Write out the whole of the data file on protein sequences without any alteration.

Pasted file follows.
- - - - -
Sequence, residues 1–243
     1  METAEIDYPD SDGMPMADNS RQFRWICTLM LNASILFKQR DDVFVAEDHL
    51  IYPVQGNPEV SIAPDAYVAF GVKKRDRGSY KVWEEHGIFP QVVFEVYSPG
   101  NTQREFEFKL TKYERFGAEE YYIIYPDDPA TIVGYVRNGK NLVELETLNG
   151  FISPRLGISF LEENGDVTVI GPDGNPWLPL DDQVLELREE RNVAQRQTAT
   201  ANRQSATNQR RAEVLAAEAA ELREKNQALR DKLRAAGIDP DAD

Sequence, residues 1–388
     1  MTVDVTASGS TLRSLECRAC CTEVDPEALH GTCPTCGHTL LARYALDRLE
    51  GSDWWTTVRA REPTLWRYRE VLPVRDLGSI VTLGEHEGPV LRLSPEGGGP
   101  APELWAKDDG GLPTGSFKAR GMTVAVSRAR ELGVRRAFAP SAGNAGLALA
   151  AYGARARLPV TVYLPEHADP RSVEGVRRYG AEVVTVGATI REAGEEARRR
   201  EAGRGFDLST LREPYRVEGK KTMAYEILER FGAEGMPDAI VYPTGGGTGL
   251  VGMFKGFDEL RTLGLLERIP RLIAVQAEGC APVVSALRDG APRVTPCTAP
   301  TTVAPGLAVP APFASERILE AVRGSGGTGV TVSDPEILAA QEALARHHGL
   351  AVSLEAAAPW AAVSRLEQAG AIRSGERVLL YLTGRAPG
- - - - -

Sequence, residues 1–243
     1  METAEIDYPD SDGMPMADNS RQFRWICTLM LNASILFKQR DDVFVAEDHL
    51  IYPVQGNPEV SIAPDAYVAF GVKKRDRGSY KVWEEHGIFP QVVFEVYSPG
   101  NTQREFEFKL TKYERFGAEE YYIIYPDDPA TIVGYVRNGK NLVELETLNG
   151  FISPRLGISF LEENGDVTVI GPDGNPWLPL DDQVLELREE RNVAQRQTAT
   201  ANRQSATNQR RAEVLAAEAA ELREKNQALR DKLRAAGIDP DAD

Sequence, residues 1–388
     1  MTVDVTASGS TLRSLECRAC CTEVDPEALH GTCPTCGHTL LARYALDRLE
    51  GSDWWTTVRA REPTLWRYRE VLPVRDLGSI VTLGEHEGPV LRLSPEGGGP
   101  APELWAKDDG GLPTGSFKAR GMTVAVSRAR ELGVRRAFAP SAGNAGLALA
   151  AYGARARLPV TVYLPEHADP RSVEGVRRYG AEVVTVGATI REAGEEARRR
   201  EAGRGFDLST LREPYRVEGK KTMAYEILER FGAEGMPDAI VYPTGGGTGL
   251  VGMFKGFDEL RTLGLLERIP RLIAVQAEGC APVVSALRDG APRVTPCTAP
   301  TTVAPGLAVP APFASERILE AVRGSGGTGV TVSDPEILAA QEALARHHGL
   351  AVSLEAAAPW AAVSRLEQAG AIRSGERVLL YLTGRAPG